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A Case of Endotracheal Tube Obstruction

Normally we view patients who are intubated as being protected in terms of ventilatory support. However, being intubated makes the patient vulnerable to a variety of potential problems. Rapid deterioration of an intubated patient can be a challenging and frightening scenario because the providers must rapidly troubleshoot the causes as well as treat. Here a case of endotracheal tube obstruction and its management is described. Read More …

Glidescope: Tricks For Successful Intubation

Glidescopes are very easy to use, but intubation with the Glidescope is very different than direct laryngoscopy. I have seen many novice Glidescope users struggle to intubate, despite having great views of the larynx. Failure to recognize the differences of using the Glidescope can make intubation not only frustrating but also hazardous to your patient. Beginners almost always make the same few easy to correct mistakes. This article discusses those mistakes and how to correct them. Read More …

The Bougie: Use Wisely To Avoid Rare But Serious Complications

One of the simplest and most valuable devices to help with a difficult intubation is the bougie. The primary use is a difficult intubation, when you cannot see the larynx well but are able to predict where the glottic opening should be based on anatomy. This article discusses techniques as well as potential complications. Bougies must be used with care to avoid patient injury. Read More …

Risks of Placing Your Endotracheal Cuff Too High

When intubating, we all know to check the depth of the endotracheal tube. Most people believe this is just to ensure that the tube is not too deep and therefore causing a mainstem intubaton: intubating just one bronchus and therefore only one lung. However, there are significant risks with having the tube too shallow as well, risks such as accidental extubation and potentially causing permanent damage to the recurrent laryngeal nerves. Here we discuss some of the warning signs that the cuff is too high and what to do about it. Read More …

Should I Use A Cuffed or Uncuffed Endotracheal Tube In a Child?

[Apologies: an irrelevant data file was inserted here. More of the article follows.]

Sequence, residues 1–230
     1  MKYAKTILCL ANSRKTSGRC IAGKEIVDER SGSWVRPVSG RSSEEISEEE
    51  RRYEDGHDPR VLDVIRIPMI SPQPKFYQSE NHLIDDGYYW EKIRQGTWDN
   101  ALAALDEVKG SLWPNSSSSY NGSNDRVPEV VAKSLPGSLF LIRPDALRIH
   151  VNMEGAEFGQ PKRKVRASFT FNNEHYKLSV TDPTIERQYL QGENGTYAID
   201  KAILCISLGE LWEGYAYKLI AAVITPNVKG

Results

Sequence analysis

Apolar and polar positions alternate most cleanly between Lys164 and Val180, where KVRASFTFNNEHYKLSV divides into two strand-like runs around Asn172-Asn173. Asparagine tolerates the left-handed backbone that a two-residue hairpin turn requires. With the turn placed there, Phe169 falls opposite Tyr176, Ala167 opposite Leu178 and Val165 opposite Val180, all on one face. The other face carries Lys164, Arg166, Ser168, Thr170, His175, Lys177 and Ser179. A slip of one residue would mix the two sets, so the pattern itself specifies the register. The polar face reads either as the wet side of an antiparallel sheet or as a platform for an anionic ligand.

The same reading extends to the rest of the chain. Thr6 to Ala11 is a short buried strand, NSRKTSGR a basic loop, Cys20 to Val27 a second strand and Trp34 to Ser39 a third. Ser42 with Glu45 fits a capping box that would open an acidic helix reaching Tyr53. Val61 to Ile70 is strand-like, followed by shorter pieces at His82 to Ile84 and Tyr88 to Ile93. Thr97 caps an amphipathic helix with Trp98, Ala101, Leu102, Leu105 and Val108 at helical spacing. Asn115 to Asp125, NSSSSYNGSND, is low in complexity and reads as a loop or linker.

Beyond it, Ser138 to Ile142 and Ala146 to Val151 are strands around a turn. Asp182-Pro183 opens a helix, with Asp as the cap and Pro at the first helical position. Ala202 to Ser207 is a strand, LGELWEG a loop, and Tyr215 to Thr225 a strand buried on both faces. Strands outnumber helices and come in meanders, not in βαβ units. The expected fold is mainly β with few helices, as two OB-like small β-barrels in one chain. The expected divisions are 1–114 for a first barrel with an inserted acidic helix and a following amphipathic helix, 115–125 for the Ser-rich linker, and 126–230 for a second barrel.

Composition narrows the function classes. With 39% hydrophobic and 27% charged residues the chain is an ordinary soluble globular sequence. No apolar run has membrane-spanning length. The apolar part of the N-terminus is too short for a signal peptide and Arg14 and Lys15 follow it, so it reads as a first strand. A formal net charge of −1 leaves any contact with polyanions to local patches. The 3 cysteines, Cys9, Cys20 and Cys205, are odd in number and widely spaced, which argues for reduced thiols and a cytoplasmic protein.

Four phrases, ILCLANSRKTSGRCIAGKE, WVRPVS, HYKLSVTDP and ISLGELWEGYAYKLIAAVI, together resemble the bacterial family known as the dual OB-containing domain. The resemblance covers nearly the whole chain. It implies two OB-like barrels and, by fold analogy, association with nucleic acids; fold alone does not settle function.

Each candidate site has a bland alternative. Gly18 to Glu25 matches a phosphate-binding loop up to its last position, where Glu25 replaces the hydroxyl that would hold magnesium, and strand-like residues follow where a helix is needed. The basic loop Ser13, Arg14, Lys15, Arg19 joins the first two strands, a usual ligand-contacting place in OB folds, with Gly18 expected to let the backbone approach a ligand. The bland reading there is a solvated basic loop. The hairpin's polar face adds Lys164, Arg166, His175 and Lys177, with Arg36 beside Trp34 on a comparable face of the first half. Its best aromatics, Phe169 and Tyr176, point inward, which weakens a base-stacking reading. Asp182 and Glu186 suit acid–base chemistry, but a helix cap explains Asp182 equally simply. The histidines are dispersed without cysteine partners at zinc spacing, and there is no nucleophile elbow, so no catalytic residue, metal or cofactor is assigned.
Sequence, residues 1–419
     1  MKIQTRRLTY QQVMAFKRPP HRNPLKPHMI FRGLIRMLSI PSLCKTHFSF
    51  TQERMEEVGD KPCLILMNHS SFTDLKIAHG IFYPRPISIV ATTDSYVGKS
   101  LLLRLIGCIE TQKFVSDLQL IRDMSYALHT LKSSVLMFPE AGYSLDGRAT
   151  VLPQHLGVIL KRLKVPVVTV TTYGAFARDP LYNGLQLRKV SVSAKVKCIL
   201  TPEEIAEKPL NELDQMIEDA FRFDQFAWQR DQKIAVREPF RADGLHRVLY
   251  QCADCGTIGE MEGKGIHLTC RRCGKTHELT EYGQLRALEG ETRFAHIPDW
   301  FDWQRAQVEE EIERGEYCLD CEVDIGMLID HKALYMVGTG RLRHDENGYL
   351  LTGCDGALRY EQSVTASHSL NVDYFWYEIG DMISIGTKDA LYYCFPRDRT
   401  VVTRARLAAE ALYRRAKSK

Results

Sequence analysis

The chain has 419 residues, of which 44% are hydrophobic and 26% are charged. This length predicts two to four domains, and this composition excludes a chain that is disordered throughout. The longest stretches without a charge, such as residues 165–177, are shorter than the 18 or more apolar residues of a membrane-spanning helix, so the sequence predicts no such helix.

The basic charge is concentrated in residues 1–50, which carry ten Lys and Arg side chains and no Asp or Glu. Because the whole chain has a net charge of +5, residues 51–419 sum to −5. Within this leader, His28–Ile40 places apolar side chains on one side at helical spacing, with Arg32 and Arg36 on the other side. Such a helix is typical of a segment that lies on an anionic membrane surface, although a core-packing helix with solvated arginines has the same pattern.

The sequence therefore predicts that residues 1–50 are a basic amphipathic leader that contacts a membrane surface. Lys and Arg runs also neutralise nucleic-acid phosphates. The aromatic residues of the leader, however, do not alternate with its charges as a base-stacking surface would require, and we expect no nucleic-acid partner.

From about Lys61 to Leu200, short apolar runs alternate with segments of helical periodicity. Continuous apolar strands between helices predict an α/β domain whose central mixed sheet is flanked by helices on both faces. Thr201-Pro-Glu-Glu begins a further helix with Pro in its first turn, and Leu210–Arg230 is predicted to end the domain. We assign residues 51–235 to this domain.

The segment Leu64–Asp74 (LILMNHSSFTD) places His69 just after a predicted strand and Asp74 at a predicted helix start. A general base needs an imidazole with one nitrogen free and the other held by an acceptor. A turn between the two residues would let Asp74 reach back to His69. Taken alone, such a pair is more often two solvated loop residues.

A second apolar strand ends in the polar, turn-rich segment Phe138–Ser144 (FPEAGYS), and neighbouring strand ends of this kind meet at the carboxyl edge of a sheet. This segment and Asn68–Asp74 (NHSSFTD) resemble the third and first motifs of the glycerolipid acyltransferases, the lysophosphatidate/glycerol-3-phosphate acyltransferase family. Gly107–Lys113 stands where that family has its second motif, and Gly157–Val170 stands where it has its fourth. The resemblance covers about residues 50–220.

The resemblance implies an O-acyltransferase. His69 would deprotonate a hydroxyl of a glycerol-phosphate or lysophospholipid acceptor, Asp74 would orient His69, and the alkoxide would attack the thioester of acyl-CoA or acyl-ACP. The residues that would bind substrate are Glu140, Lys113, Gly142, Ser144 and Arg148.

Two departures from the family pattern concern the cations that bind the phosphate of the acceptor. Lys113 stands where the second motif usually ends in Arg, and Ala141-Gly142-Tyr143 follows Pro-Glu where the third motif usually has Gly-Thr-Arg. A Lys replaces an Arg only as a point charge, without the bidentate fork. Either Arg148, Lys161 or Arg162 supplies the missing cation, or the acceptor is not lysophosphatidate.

When intubating children, the question always arises whether to use a cuffed or an uncuffed endotracheal tube (ETT). Historically uncuffed endotracheal tubes have been used when the child is less than about 8 years old. Why is it that we can get away with using an uncuffed tube in a young child, but not an adult? The answer comes from the difference in airway anatomy between child and adult. Understanding the advantages and disadvantages of using uncuffed and cuffed tubes in children is important to safe patient care. Read More …

Tips for Mastering the LMA Fastrach

The rare “can’t intubate-can’t ventilate” scenario is frightening. It’s important to master as many techniques as possible to prepare for this possibility. The LMA Fastrach is designed specifically designed to ventilate a patient intermittently during a prolonged intubation attempt. Knowing how to use this tool could potentially save a patient’s life. Using the Fastrach is not difficult. However, there are enough steps during intubation, as well as during safe removal of the device without accidental extubation, that can make it seem intimidating. In addition to some tips and tricks that make it work, you’ll find a link below to a video clip of intubating a patient with the Fastrach. Read More …

Embrace the Catastrophist Within: Protecting Ourselves From Respiratory Infection

A good anesthesiologist, or any health care provider, has to embrace the catastrophist within because our goal is to protect our patients from the unexpected. We have to constantly imagine the worst-case scenario so that if, or when, it happens we not only recognize it early, we’re ready for it. What we’re often not good at is protecting ourselves at work. We tend to be so patient focused that we often don’t even think about personal hazards. This article discusses some of the risks we face during airway management of the infectious patient. Read More …

Airway Obstruction Can Occur After Thyroglossal Duct Excision

Airway obstruction can occur following uneventful thyroglossal duct excision because of removal of the hyoid bone. This article describes reasons why the anatomical change can cause obstruction and discusses a case where such airway obstruction needed treatment in the immediate postoperative period. Read More …

Beware: Your Patient Can Bite That Pilot Tube

Persistent endotracheal tube leaks may require the need to exchange the endotracheal tube in a critical patient or situation. The differential diagnosis of such leaks is discussed. In addition, a case regarding a patient biting a pinhole in the pilot tube of their endotracheal tube is presented. Read More …

Using Straight Laryngoscopy Blades

Intubation by direct laryngoscopy depends on using the laryngoscope blade to give you a clear field of view of the larynx by shifting the tongue and other pharyngeal structures out of the way. As you might imagine, the patient’s anatomy, pathology, or position can sometimes make this visualization difficult. Laryngoscopy blades come in different shapes to help manage these various situations. Read More …